But yes, in theory, depending on an agreement or other factors, he can refuse to pay for things if he simply cannot afford it but if there's evidence that he can afford it, you could probably dispute it in court but you'll spend more doing that than on his entire education and housing...

        Best to work it out between you both and really think about what's best for your son.


        We donít have an agreement. Itís been pretty amicable until now. If we go to lawyers now what can I expect? Long drawn out processes? Itíll be a considerable amount of money over the years but I donít know what to do.

        Comment


        • #5
          Depending on the level of amicability you're claiming, going to a lawyer now would either result in a mutual consented upon agreement being put in place to hold you both accountable to your obligations to your children OR it could result in a feud lasting for years which seems more common unfortunately.

          It takes years sometimes to sort things out through the system and from recent experience, thousands and thousands of dollars for minimal outcome.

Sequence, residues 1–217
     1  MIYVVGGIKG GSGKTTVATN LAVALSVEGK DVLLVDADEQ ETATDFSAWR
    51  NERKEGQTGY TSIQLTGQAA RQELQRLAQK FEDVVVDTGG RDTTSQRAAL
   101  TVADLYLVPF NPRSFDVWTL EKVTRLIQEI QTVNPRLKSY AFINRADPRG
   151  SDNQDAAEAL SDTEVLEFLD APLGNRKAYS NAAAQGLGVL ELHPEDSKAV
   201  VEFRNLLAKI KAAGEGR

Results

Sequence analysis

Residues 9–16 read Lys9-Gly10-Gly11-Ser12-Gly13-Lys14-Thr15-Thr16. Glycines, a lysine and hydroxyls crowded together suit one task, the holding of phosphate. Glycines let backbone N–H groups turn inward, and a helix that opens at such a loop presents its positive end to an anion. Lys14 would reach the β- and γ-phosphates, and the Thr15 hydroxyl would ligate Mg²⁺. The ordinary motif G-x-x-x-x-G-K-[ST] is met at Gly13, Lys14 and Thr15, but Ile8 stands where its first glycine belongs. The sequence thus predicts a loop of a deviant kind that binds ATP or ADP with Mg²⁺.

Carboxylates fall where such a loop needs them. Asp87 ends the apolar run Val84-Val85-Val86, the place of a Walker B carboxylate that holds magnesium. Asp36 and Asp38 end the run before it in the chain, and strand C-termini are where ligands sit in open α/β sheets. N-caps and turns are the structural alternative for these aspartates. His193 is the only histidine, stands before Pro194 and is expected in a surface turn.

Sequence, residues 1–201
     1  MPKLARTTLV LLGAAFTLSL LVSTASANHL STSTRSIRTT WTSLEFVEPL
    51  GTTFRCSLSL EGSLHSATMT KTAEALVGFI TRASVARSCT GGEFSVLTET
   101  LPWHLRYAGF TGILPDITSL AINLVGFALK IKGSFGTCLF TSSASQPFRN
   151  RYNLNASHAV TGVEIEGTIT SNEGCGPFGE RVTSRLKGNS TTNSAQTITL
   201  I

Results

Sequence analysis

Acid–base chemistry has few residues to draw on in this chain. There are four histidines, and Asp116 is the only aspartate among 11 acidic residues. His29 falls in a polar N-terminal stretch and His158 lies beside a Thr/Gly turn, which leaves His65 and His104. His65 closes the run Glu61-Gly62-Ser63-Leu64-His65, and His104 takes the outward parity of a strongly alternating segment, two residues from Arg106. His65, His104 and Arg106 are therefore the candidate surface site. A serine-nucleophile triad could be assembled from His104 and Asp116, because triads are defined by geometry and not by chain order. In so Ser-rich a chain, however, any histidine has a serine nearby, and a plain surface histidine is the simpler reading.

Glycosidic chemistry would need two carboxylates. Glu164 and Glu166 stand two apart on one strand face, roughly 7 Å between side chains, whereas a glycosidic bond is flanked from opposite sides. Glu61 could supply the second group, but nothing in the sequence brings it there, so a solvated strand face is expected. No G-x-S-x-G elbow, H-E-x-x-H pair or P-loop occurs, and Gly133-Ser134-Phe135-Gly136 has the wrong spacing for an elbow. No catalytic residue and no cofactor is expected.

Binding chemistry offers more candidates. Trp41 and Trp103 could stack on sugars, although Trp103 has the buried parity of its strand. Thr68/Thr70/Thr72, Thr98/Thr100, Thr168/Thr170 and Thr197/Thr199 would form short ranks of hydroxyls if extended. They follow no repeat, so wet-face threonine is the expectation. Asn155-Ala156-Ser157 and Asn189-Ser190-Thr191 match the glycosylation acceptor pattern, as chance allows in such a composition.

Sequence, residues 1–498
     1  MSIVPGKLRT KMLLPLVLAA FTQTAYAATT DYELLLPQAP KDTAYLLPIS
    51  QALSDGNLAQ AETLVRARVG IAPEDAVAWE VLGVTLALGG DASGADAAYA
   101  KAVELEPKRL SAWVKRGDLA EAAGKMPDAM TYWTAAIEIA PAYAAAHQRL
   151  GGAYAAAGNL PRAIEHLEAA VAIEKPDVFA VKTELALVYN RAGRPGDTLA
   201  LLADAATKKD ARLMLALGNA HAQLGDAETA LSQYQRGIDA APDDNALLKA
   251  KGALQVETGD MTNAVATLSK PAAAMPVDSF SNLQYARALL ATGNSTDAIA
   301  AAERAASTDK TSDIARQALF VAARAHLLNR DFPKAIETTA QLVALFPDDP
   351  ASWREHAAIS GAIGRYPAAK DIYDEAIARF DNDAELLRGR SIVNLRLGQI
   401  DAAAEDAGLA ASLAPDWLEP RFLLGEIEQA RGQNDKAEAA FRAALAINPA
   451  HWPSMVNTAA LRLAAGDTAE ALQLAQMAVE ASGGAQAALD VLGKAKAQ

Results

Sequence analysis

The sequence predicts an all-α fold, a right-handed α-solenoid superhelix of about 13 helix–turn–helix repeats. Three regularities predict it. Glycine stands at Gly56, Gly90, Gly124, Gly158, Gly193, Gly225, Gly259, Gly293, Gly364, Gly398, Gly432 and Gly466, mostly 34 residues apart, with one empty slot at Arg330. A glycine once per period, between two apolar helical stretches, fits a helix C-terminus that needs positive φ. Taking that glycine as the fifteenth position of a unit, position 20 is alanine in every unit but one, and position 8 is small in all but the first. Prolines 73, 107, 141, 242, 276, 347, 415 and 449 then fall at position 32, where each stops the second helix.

I'd suggest you both keep things the way they are if it's working and when it comes to the school costs, even if you brought it to court, he wouldn't likely have to pay more than he agrees to so you'd just be out a lot of money and left with a headache and probably a damaged relationship with your ex which isn't good for your son.

          Compromise if you can. I know it's not the news you want to hear but it's likely the reality.

          Could you propose that your son get a part time job while at school to help with the cost and you and the father could split the balance? Just a thought!

          Comment


          • #6
            Originally posted by 2019Sunshine View Post
            My son is going away to school. Dad is refusing to pay for housing related costs because he was accepted to the same program at a University here at home. Is this okay?
            so the father is willing to pay if he takes the course at the university in the home town? If so then tell your son if he wants to go away to school then he (your son) will have to pony up more money for that. There is no reason for the child to go away to school if the same program is offered closer.

            Comment


            • #7